In another life, I’m a coder, and I write books about code.
As I’ve become more serious about fiction in recent years, I’ve increasingly noticed parallels between the process of developing software and that of building a story. I’ve been meaning to write about this for a while, but the intersection of coders and fiction writers is probably quite small. So it looked like one of those nice little echoes you enjoy, but can’t quite find a use for.
Now I’m not so sure.

The core similarity lies in the fact that any story is a system, a machine you build and then set off in the imagination of others. As writers we create structures that we must keep in our heads, and yet also inhabit. We engage with our story as if we are consuming it for the first time from the outside. We also enjoy its hidden aesthetic, the neatness of our tricks. All those balances of theme and foreshadowing, tension and pay off have an elegance in their construction, as they have an affect in their consumption.

A software developer builds systems too, and inhabits them in a similar way. When I’m coding I often imagine my project in spacial terms, as if it were a palace of the mind. Just like a novel in development, it really only exists as words on a screen as I write. And yet each component I’ve created lives in balance with others. I create lines of communication between these components, modes of interaction. In my mind they have shape and they talk to one another.
When these components are activated, though, processed, they’ll actually come alive and the shapes I imagined will have real meaning. That meaning will be tested by users of the system (both real people and programs that pretend to be people).
Users will not see the complexity and elegance of the components that interact behind the system’s facade, but they will prove the coder’s imagination. What started as a fantasy of parts moving in co-operation will end in something that a user believes is real, inevitable even. The structures behind the scenes will have been transformed into flows of use, just as the structures that make up a story are transformed into a flow of narrative.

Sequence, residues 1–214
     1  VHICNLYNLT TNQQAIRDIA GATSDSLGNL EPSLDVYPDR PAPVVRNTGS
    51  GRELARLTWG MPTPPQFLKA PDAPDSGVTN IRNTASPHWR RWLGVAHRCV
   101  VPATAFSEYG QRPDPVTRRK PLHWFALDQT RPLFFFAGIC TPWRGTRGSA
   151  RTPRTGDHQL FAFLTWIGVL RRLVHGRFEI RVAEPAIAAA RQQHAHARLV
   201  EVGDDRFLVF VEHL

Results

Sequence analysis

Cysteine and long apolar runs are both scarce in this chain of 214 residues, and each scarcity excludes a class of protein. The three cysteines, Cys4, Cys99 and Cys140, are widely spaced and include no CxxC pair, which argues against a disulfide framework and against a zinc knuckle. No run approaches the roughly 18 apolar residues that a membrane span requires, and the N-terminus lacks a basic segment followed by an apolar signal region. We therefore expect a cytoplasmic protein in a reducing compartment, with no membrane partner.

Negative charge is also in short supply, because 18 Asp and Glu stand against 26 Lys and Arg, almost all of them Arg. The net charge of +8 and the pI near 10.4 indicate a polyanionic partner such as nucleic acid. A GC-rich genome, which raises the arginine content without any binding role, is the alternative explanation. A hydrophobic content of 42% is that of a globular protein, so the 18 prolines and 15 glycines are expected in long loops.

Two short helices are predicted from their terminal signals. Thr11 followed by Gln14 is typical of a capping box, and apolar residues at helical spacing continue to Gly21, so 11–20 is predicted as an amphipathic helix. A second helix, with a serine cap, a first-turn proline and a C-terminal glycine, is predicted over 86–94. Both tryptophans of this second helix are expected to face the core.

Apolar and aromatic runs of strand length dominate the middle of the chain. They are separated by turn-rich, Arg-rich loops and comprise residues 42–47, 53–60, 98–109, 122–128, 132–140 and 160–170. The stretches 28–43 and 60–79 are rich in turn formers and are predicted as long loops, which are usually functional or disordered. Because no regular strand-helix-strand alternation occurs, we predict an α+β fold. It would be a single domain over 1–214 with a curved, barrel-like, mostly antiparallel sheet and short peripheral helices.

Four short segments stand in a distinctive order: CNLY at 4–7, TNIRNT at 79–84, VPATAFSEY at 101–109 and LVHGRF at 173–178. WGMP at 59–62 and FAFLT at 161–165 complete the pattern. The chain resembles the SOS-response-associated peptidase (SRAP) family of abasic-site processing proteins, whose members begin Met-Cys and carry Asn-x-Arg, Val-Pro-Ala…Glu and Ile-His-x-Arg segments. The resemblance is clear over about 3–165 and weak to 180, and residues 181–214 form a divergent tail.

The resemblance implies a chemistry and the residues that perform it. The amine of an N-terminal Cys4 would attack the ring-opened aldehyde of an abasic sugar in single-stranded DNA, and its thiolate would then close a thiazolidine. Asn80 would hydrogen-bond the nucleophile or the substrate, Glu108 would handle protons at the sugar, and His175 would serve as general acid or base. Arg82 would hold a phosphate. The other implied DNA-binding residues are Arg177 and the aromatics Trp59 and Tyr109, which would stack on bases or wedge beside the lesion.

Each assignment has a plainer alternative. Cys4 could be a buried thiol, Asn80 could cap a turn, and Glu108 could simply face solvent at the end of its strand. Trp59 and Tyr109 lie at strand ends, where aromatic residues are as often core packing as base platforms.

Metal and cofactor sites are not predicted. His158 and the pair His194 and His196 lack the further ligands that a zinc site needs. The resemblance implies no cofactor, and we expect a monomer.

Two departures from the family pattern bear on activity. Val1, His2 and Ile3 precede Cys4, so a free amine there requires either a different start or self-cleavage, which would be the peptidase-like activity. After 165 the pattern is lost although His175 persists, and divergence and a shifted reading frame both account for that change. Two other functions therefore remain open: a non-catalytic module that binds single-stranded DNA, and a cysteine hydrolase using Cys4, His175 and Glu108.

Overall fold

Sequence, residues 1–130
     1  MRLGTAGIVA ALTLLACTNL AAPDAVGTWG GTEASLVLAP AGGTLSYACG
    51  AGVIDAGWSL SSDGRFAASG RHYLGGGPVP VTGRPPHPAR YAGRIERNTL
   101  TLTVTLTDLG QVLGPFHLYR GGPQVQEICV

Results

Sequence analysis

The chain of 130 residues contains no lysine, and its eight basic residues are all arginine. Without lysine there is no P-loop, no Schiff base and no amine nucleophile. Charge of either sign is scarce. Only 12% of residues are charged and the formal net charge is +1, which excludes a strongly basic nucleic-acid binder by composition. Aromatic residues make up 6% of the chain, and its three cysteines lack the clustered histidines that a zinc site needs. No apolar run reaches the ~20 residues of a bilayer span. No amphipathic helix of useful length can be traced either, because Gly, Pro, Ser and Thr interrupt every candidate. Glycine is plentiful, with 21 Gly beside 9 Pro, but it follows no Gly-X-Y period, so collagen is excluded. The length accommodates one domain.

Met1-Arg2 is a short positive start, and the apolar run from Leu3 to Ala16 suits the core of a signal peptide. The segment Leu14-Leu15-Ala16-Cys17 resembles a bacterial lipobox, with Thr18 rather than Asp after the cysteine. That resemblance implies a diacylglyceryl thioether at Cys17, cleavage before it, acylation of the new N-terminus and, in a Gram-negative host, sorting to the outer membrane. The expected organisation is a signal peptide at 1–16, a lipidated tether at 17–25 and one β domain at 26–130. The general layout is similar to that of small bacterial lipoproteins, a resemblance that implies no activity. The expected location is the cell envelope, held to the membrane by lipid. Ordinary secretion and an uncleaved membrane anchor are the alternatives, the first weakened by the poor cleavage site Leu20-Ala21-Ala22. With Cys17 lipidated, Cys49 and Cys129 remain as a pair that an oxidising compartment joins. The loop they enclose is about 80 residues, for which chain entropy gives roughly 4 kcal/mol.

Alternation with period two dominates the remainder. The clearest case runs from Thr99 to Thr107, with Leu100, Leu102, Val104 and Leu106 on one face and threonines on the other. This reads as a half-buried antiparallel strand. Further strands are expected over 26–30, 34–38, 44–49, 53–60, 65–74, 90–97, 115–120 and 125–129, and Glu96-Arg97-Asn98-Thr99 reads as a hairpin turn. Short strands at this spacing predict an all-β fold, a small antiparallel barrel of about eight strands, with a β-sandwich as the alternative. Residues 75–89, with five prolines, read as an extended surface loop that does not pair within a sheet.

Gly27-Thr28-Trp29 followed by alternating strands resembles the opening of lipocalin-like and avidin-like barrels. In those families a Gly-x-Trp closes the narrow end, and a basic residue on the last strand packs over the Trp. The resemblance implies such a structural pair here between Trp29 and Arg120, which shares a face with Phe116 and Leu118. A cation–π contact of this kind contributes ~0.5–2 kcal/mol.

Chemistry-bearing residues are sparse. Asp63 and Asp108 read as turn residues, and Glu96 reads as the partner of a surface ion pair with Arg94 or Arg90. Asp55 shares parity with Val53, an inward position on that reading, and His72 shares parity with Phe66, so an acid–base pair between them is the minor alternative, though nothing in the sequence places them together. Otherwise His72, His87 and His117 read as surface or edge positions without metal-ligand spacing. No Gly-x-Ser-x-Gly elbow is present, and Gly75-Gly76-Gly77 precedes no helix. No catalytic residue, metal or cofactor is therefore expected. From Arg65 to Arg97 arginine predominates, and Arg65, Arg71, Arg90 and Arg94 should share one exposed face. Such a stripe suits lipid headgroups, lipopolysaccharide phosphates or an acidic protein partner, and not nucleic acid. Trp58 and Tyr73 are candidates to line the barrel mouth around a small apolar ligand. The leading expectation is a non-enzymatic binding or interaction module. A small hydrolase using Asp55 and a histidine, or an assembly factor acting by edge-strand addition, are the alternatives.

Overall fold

Users and readers are trained to accept convention without thought. So much so that the conventions disappear. The cues that signal a flashback, the hook at the end of a chapter, a faux defeat before a protagonist finally triumphs, these are all used by a reader to negotiate a story, and accepted without too much conscious thought. Such conventions only really become noticeable when they go wrong. The same is true of the menus, and recycle bins, the windows and pointers, the whole drag and drop world a software system’s user must negotiate. Most of the time it’s transparent. And yet, of course it’s a complex set of conventions that must be learned.
And why is this useful? Well maybe, if there are similarities here there may be tools, or strategies, modes of thought that could translate well from one field to another. In a future post, I will look at one technique that has hopped disciplines in the past, and may do so again.